The Love Letters carpets are based on the drawings of Russian poet, playwright, and artist Vladimir Mayakovsky (1893–1930). Mayakovsky initially worked on behalf of the Bolshevik Revolution, lending his talents to give voice to the Russian people at a time of great social upheaval and reconstruction. But as the revolution changed its course, Mayakovsky—known as the “people’s poet”—became extremely disillusioned and could not forgive himself for being complicit in Joseph Stalin’s ruthless rise to power, ultimately committing suicide at age thirty-seven. Through caricature, the carpets depict the wrenching experience of having a foreign alphabet imposed on one’s native tongue and the linguistic acrobatics required to negotiate such change. In particular, the carpets tell two parallel stories: that of the Bolsheviks’ forced Latinization and later Cyrillicization of the Arabic script languages spoken by the Muslim and Turkic-speaking peoples of the Russian Empire, and the 1928 language revolution of Mustafa Kemal Atatürk—Turkey’s first president—in which the Turkish language was converted from Arabic to Latin script. The casualties of these linguistic takeovers—lost letters and mistranslations—are given center stage here as a testament to the trauma of modernization.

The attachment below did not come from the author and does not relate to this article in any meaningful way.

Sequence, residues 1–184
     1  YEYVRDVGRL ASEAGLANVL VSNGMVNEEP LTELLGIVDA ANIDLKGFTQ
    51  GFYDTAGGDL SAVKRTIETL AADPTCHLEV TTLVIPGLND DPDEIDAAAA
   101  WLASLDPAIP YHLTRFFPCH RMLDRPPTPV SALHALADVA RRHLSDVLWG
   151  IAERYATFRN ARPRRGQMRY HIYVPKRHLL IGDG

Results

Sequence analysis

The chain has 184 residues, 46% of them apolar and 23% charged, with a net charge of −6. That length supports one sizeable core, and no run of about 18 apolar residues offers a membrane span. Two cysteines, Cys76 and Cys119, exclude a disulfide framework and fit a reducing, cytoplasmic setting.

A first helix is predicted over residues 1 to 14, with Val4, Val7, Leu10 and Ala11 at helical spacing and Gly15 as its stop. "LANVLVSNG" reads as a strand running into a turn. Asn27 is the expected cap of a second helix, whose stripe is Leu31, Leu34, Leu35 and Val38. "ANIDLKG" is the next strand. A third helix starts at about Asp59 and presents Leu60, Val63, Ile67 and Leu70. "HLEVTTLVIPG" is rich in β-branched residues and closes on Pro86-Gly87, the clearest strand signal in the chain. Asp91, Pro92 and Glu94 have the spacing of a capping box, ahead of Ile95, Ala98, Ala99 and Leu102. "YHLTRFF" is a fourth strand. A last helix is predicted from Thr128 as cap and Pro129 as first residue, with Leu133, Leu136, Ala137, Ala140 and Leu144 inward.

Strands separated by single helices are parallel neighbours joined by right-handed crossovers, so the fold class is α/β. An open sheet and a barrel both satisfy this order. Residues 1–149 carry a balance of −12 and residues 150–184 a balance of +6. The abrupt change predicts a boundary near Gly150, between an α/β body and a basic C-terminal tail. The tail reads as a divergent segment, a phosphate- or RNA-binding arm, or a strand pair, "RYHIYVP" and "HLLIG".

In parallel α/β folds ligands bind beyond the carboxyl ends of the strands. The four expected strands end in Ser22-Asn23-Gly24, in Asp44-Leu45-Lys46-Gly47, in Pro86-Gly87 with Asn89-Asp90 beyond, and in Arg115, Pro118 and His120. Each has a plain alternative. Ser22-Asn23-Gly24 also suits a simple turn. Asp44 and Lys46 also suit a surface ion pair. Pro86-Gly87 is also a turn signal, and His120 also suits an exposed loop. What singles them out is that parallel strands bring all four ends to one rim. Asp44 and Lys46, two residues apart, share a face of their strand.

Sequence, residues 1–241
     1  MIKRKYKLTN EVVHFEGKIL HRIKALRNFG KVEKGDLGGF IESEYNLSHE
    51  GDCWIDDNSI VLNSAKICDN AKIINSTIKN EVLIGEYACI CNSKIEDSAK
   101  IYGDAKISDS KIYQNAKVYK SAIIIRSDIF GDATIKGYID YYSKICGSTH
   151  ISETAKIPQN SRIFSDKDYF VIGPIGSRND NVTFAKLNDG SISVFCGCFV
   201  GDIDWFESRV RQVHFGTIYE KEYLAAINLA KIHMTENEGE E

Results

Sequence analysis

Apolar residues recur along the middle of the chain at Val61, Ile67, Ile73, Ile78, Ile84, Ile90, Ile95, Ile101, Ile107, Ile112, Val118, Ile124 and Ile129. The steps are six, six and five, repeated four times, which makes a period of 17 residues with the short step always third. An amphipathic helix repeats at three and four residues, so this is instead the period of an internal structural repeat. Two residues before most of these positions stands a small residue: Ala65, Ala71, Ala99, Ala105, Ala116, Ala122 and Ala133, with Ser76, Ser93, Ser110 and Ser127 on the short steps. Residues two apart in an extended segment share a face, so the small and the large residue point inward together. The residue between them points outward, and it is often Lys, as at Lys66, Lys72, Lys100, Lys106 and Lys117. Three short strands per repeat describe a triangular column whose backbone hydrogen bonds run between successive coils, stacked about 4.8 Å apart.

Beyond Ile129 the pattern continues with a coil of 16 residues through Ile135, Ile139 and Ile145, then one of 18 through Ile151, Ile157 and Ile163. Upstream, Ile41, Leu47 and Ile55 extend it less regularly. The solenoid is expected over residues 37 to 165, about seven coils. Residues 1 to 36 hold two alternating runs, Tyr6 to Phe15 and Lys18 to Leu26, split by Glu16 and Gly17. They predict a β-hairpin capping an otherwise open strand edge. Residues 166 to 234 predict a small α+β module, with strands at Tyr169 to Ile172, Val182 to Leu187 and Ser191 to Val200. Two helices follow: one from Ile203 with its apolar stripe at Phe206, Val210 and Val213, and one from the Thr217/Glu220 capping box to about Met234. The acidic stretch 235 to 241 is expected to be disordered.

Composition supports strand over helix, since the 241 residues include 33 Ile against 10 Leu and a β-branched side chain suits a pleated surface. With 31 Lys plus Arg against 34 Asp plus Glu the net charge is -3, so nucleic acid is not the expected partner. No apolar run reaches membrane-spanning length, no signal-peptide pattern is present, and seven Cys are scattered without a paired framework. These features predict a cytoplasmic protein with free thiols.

Texts and image captions by Gabriel Ritter, the Nancy and Tim Hanley Assistant Curator of Contemporary Art at the Dallas Museum of Art